In Bolivia, lynching and taking justice into one’s own hands, are common events that can be seen on the news at all hours of the day. The television viewer is not protected from seeing the violent images, and even the smallest child is not protected from watching them. It would appear that we all have created a certain barrier that allows us to watch and remain passive regarding these terrible events. The police in Cochabamba remain dead and the case still has no suspects. It is the same in Montero and we can see similar situations in all regions of the country.
Whether or not lynchings are considered “community justice” is still being debated, and the government has officially condemned the action in Achacachi. They state that taking another life is not part of the indigenous tradition of “community justice.” However, local residents claim that they have little faith in the “ordinary justice” and must take matters into their own hands or the crime will continue. There is also widespread concern because the new draft Constitution, which will be voted upon at a January 25 Referendum, stipulates that “community justice” will be a legal and recognized part of the Bolivian judicial system, that lynchings could continue or even increase and used under the defense of “community justice.”
Por que el presidente morales, tolera la barbarie, se estaba por quemar a una mujer embarazada, emboscaron y llevaron al stadium a un bus a los 11 supuestos ladrones, se veian gente de escasos recursos, muchas mujeres y gente bastante mayor a juzgar por las imagenes.
Es que acaso esto tambien nos da el derecho de cuando los ponchos rojos hagan las barbaridades que hacen poder matarlos a ellos?
O es que acaso la “nueva ley” funciona en un solo sentido?
Se supone que este gobierno era el que nos iba a llevar a un nuevo siglo de progreso pero solo nos esta llevando a la mas atrasada barbarie posible.
Because President Morales tolerates savagery, they were about to burn a pregnant woman, they ambushed them and took the 11 alleged thieves to the stadium. One could see low-income people, many women, and elderly people judging from the images.
Does this also give us the right when the “ponchos rojos” (members of a paramilitary group of Achacachi) make their savage acts to kill them too?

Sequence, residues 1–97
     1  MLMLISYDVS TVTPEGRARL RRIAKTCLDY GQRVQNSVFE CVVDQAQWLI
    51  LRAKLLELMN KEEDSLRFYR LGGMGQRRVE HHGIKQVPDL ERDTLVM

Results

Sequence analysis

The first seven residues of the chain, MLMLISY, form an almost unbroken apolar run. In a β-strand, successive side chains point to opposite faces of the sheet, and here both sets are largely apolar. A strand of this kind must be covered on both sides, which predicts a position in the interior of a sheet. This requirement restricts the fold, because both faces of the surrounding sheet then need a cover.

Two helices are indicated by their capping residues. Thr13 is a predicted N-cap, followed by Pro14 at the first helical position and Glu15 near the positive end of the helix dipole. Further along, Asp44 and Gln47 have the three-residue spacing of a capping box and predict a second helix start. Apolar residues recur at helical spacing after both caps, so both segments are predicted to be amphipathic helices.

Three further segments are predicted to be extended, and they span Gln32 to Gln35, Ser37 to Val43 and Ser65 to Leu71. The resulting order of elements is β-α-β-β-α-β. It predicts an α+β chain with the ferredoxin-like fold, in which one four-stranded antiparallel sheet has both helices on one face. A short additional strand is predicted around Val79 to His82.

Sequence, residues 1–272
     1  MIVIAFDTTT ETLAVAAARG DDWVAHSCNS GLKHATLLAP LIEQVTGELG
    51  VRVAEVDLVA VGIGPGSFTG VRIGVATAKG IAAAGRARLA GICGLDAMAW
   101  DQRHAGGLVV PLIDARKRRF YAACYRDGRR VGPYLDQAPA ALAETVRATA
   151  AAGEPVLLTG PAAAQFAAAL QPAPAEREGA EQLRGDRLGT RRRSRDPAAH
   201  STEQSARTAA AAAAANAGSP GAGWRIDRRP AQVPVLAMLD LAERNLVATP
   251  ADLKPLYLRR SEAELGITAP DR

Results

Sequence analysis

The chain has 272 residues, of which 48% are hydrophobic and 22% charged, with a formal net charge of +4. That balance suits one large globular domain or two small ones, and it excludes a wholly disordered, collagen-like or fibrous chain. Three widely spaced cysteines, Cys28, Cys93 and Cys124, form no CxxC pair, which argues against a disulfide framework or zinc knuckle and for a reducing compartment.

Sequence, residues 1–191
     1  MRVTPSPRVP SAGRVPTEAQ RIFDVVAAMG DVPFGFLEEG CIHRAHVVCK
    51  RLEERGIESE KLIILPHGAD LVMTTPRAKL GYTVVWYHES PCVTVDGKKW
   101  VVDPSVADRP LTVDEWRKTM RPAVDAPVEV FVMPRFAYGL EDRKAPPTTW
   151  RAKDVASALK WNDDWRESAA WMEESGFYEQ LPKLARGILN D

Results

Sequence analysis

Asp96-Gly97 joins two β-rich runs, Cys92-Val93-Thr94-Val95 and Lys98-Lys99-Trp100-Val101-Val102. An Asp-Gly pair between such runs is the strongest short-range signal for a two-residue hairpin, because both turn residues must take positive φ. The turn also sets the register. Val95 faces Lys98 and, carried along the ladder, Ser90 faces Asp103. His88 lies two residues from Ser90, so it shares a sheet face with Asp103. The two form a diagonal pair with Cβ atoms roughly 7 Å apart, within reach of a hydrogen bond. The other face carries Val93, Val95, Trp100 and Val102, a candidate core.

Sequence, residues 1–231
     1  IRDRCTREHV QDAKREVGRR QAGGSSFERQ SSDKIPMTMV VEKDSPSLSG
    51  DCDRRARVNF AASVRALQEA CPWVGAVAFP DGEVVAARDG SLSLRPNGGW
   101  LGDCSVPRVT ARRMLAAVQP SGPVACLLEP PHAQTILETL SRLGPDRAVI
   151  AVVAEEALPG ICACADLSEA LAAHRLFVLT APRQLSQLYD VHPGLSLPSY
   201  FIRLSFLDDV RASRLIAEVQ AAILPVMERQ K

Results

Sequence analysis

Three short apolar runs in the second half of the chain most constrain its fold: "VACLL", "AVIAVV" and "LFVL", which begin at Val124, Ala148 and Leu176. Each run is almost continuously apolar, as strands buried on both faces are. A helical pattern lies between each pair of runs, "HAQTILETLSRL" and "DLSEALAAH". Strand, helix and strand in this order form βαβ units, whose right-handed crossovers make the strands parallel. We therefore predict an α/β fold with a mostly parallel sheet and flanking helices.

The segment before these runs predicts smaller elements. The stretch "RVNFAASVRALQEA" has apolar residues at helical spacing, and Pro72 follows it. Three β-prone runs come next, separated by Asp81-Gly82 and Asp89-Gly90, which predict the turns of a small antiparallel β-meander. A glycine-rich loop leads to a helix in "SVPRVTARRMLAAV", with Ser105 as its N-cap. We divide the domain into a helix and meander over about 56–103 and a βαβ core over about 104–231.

Or does the “new law” only work in one direction?
It was assumed that this government was going to take us towards a new century of progress, but it is only taking us to most backward savagery possible.
Sin embargo, como lo decia la periodista Amalia Pando en Erbol, no eran unos angelitos, pues las personas que fueron capturadas en Achacachi poseian un frondoso prontuario policial… desde robo hasta robo agravado seguido de muerte.
Sin embargo, al igual que se condena la justicia por mano propia se debe condenar al sistema economico que origina la delincuencia.
Nevertheless, as the journalist Amalia Pando of Erbol says, that these people were no angels, those who were captured in Achacachi had a long police record… from robbery to aggravated robbery and even murder.
Nevertheless, as justice by one’s own hands is condemened, so should the ecnomic system where delinquency originates should also be condemned.
Many indigenous groups are attempting to protect the reputation of “community justice.” Via the blog El Alto Noticias [es], blogger Nelson Vilca [es]interviews a member of the Guarayo indigenous group , who states that “community justice” does not mean “taking another life.”
For his part, Morales seemed to place great hopes in Obama’s election, saying on several occasions that the two men had much in common as emerging leaders of long-oppressed groups in their respective countries. His first stop in Washington on Tuesday was the Lincoln Memorial, where he placed a wreath and spoke briefly of the struggle for justice and dignity.
“Who would have believed 10 or 15 years ago that I could become president of Bolivia? Who would have believed 20 or 30 years ago that a black man could become president of the United States?” he said to the OAS special session, speaking in Spanish.
“The world is changing. The struggles of Tupac Amaru were not in vain,” he said, referring to the last emperor of the Incas. “The struggles of Lincoln were not in vain. The struggles of Martin Luther King were not in vain.”
I wonder whose idea it was to go to the Lincoln memorial. Comments like the ones above, and appearances like the successful Daily Show visit, gets non-Bolivians on his side. They see a likable, idealistic fellow, but it is simply not so black and white.
So Evo Morales is in the United States this week, ed and some of my friends at American University will be attending his lecture at the school in Northwest DC. Due to the wonders of Facebook, decease there are some Bolivian residents are organizing a protest at the OAS.
Here is the group invitation:
And here are some of the attendees or at least that seem to support the idea.
Of course, there are things in this, and in all administrations that are worth protesting against, but who wants to be associated with something like this?